On January 15, 2008 the Royal Commission began their inquiry of a the video that alleges political interference in judicial appointments and the manipulation of high-profile cases. [ [ Japan Today - News - Malaysia probes judge-fixing video ] ] On January 17, 2008 Mahathir was brought before a Royal Commission that look the manipulation of top judicial appointments during his admnistration, a scandal that has cast doubts about the independence of Malaysia's judiciary. He was made to testify before a government inquiry into a secretly recorded video clip that showed a man believed to be a prominent lawyer, V. K. Lingam, boasting that he could get key judicial appointments made with Mahathir's help. Throughout the inquiry Mahathir feign ignorance and forgot key timelines. [] Continuing with the inquiries, former Chief Justice of Malaysia Tun Mohamed Eusoff Chin was called before the Commission whereby he denied he was a close acquiantance of the lawyer V.K. Lingam even though he took a vacation with him to New Zealand. []

Lingam was also called before the Royal Commission, where he claim he did not recall the phone conversation he made to Ahmad Fairuz. He said he might have been drunk at that time and denied he had ever tried to influence judicial appointments. [] Vincent Tan who was next was questioned about his influence on former Prime Minister Mahathir Mohammad and he denied that he ever discussed judicial appointments with Mahathir. He rebutted Mahathir's claims that he might have consulted with Tan over judicial appointments. []

A new revelation appeared showing PKR President Anwar Ibrahim releasing a third video clip purportedly showing Lingam talking about having dinner with and buying an expensive gift for former Chief Justice Tun Mohamed Dzaiddin Abdullah. Anwar said he was disappointed the Royal Commission which focused solely on the fixing of judges and did not allow evidence that court decisions had also been fixed. [ [ Brace for more videos, says Anwar ] ] Anwar also claimed that there was a third video clip that implicated more judges in the judiciary.

On February 12, Jayanti Govinda Rajulu Naidu the former secretary of Lingam revealed she was asked to type a judgement that her boss had dictated. This judgement was fully incorporated as the official judgement of the judge Mokhtar Sidin, which pertained to a defamation case lodged by business tycoon Vincent Tan. The suit was eventually won by Vincent Tan, in which he was awarded 10 million ringgit. A copy of the typed judgement was given to laywer Mohamad Shafie Abdullah in 1998 and later lodged with the anti-corruption agency. But the case had been closed as it involved too many high-ranking officials. []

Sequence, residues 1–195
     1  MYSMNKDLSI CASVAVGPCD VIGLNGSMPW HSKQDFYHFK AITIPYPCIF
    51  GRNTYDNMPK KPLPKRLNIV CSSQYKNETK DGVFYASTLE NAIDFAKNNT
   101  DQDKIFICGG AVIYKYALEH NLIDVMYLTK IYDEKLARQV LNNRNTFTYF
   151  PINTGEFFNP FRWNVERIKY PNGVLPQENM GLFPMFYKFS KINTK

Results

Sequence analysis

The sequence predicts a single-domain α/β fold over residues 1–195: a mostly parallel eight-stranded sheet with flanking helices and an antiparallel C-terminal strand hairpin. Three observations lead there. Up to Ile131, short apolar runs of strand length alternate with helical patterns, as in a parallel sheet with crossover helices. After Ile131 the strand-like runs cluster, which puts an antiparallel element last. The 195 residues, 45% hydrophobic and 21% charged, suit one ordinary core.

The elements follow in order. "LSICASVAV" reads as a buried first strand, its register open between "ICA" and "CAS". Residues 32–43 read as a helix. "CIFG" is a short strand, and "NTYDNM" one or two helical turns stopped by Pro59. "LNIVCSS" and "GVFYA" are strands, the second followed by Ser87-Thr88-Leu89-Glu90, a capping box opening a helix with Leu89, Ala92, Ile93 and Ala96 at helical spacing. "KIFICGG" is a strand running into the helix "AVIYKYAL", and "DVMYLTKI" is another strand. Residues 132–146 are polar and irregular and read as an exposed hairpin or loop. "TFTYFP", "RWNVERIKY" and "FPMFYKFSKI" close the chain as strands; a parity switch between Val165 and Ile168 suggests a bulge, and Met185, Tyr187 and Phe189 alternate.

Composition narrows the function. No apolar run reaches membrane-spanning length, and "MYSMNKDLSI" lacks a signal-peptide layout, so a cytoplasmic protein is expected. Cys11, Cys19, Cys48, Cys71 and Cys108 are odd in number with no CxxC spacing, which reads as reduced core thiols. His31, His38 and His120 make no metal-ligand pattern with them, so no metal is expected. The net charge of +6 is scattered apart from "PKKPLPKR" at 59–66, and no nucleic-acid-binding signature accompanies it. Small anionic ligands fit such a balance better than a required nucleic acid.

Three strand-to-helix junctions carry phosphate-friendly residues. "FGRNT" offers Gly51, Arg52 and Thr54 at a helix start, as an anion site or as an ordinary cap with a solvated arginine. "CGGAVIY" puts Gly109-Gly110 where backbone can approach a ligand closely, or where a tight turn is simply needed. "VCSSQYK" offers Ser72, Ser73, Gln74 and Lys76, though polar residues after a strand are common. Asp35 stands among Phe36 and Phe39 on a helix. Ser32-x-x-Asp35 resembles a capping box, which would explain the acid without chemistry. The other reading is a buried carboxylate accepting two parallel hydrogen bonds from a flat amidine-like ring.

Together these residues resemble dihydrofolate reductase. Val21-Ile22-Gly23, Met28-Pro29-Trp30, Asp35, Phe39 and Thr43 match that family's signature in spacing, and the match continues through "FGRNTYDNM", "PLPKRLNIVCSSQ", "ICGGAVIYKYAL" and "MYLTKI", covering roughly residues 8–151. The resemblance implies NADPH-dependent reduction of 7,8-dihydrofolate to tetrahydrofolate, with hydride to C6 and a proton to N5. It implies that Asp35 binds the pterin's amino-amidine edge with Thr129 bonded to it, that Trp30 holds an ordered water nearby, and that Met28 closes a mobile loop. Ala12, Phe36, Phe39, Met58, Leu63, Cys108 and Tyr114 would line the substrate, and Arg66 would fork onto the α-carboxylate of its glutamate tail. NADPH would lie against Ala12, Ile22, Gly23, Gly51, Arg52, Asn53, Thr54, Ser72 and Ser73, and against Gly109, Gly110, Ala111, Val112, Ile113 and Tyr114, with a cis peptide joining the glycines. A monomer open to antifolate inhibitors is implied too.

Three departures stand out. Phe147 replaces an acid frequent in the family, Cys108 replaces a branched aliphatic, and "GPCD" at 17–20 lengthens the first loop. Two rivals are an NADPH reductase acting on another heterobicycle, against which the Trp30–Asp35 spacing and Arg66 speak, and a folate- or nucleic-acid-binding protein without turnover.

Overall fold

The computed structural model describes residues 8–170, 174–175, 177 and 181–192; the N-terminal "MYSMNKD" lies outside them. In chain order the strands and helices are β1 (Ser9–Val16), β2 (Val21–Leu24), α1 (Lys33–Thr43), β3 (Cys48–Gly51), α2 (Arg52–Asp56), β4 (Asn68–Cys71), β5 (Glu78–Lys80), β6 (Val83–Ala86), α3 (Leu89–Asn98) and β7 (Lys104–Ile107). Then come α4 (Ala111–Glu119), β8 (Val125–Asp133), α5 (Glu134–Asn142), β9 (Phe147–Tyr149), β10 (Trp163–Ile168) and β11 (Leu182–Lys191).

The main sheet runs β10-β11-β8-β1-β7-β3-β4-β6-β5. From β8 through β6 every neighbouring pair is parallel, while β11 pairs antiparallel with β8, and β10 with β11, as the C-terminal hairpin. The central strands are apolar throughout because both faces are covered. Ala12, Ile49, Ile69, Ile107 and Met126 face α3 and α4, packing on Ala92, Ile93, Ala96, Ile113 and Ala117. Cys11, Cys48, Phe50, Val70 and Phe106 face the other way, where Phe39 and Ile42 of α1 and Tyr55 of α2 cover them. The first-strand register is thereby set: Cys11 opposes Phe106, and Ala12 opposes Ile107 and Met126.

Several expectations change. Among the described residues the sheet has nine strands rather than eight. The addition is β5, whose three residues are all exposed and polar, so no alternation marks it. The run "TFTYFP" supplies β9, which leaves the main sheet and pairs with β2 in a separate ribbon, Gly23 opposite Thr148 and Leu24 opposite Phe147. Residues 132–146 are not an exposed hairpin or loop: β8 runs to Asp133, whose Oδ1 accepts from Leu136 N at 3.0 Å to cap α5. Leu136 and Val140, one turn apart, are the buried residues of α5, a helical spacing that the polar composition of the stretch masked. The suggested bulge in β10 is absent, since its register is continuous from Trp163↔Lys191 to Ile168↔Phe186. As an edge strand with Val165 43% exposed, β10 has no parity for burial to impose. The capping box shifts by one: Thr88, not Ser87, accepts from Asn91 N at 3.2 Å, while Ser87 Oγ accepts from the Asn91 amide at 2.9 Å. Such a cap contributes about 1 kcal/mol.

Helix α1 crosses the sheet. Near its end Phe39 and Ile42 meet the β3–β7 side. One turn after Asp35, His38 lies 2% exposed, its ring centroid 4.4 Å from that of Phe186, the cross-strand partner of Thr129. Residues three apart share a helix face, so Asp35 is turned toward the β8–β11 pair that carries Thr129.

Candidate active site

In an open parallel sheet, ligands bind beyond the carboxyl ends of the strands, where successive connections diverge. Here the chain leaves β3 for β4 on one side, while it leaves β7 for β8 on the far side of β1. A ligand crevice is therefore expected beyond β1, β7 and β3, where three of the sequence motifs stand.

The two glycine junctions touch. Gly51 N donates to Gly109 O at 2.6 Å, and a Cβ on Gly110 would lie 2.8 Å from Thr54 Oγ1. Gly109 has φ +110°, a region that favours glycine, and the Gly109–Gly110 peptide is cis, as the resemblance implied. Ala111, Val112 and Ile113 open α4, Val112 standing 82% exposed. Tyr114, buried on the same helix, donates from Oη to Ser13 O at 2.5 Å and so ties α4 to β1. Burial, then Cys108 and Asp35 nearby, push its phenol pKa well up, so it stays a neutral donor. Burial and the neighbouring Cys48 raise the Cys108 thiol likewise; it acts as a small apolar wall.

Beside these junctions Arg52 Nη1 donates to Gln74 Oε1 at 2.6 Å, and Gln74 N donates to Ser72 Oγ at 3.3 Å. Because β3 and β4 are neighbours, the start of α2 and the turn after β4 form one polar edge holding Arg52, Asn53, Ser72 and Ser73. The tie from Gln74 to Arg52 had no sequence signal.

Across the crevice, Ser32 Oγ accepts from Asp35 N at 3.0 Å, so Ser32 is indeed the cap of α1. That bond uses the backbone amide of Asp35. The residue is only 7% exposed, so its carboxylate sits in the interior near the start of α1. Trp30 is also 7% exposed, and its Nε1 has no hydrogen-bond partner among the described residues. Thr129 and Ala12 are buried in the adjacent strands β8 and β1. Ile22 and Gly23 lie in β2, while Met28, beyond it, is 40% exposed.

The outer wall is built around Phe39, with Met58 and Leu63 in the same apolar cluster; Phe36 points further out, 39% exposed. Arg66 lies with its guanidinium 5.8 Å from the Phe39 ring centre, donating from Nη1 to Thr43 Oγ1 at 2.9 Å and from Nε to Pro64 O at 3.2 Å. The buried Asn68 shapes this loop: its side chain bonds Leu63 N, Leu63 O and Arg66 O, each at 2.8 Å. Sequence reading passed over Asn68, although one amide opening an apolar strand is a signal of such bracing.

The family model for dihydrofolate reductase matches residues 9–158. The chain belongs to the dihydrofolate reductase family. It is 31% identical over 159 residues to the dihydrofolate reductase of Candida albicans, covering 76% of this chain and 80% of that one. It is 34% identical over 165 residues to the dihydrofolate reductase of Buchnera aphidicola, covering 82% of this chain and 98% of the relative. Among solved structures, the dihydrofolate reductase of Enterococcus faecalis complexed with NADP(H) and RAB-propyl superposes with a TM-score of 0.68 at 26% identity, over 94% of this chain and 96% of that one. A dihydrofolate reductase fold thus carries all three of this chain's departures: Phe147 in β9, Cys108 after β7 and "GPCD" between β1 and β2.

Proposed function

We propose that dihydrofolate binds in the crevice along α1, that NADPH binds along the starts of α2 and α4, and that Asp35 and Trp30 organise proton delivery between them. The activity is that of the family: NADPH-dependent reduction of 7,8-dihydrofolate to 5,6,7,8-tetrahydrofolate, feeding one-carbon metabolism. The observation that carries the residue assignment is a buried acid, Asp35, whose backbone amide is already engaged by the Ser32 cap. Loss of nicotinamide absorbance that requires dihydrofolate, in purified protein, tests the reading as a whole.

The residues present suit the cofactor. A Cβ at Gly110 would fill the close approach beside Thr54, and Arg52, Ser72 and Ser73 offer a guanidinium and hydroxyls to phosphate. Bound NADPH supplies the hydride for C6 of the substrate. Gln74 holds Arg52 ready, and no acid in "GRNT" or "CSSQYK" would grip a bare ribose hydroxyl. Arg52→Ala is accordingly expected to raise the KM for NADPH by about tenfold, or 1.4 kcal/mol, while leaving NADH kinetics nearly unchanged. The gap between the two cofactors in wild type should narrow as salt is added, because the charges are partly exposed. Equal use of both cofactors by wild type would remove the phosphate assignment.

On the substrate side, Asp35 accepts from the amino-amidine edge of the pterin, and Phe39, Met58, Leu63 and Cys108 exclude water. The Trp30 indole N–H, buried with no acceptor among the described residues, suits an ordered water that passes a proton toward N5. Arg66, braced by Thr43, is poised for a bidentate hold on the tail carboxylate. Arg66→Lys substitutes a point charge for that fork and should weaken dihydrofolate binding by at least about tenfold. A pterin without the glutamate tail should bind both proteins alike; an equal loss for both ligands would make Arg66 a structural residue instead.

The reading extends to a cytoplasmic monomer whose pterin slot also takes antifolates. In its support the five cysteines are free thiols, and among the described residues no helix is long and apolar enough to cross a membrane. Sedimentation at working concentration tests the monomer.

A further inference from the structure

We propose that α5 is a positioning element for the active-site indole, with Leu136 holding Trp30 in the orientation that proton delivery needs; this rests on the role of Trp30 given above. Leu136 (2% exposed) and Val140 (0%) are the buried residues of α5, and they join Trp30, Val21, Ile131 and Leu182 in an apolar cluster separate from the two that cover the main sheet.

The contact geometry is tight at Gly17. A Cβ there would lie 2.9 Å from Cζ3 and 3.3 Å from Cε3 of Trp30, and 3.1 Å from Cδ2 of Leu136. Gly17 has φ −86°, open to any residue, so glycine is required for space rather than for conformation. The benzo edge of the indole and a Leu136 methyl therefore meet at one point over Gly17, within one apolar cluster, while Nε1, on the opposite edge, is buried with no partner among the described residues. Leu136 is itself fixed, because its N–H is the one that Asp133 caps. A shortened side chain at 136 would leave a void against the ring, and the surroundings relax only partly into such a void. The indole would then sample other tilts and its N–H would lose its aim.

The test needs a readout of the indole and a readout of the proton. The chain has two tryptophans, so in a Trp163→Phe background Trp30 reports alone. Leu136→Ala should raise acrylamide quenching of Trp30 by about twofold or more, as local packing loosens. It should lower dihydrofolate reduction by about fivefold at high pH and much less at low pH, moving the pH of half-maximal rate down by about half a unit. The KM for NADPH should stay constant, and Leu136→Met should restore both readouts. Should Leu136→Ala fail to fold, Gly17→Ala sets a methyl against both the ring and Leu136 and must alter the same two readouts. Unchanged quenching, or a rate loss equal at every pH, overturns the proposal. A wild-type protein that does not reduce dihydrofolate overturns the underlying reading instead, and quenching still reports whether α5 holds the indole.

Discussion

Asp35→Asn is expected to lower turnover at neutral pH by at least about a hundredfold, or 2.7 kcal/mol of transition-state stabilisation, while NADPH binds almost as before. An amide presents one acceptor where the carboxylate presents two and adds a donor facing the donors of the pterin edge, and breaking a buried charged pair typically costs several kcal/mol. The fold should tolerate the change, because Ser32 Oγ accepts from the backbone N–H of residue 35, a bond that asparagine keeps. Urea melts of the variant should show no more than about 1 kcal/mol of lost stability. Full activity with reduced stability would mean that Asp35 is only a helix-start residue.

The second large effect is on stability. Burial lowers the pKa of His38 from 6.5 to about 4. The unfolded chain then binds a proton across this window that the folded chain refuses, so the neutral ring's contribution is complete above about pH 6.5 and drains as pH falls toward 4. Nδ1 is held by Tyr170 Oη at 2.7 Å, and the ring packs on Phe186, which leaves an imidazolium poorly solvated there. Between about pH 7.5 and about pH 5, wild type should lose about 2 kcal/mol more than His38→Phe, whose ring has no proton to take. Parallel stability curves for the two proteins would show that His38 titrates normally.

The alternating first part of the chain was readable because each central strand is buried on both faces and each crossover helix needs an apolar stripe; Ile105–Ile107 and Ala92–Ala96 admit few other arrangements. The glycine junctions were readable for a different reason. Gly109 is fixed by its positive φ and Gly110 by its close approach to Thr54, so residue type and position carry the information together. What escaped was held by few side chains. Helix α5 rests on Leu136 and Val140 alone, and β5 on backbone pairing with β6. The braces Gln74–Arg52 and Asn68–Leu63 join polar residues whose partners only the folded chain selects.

The Commission's official report determined that it was former Fairuz who had been speaking with Lingam, and that the video clip itself was authentic. The report also named Loh Mui Fah as the man Lingam spoke to after his conversation with Fairuz.cite news|date=May 10, 2008|url=|title=Panel finds Lingam video clip authentic|publisher=TheStar] The final report found a "kind of misbehaviour ... so unprecedented that were it not for the release of the video clip, it may never have come to light," stating that top judicial appointments had been subject to undue outside influence, most notably that of the Chief Judge of Malaya, where Tan Sri Malek Ahmad's candidacy had been sabotaged by Lingam and "his collaborators". [cite news | first=Elizabeth | last=John | coauthors= Sonia Ramachandran | title='Constitutional process sabotaged' | date=2008-05-18 | publisher= | url = | work =New Straits Times | pages = | accessdate = 2008-05-19 | language = ]

Disclosures by Ian Chin

On June 9, 2008, High Court judge Ian Chin revealed during a election petition in Sarawak of veiled threats and indoctrination of judges in a 'boot camp' organised by the executive government under the leadership of Mahathir Mohamed. Ian Chine alleges that between May 26-30, 1997, several judges and judicial officers were told attend the boot camp whereby they were told in essence that "that the government interest was more important than all else." [cite news|date=June 11, 2008|publisher=The Star|title=Justice Ian Chin tells of threats and indoctrination attempt|accessdate=2008-08-04|url=]

List of Chief Justices of the Federal Court

*Tun Abdul Hamid Omar 1994, previously Lord President
*Tun Mohamed Eusoff Chin 1994 – 2000
*Tun Mohamed Dzaiddin Abdullah 2000 – 2003
*Tun Ahmad Fairuz Abdul Halim 2003 – 2007
*Datuk Abdul Hamid Mohamad 2007 - present

For a list of Lord Presidents, see Lord President of the Federal Court.

ee also

* Law of Malaysia
* Capital punishment in Malaysia
* 1988 Malaysian constitutional crisis

Notes and references

External links

* [ Judiciary Web Site]
* [ High Court in Sabah and Sarawak]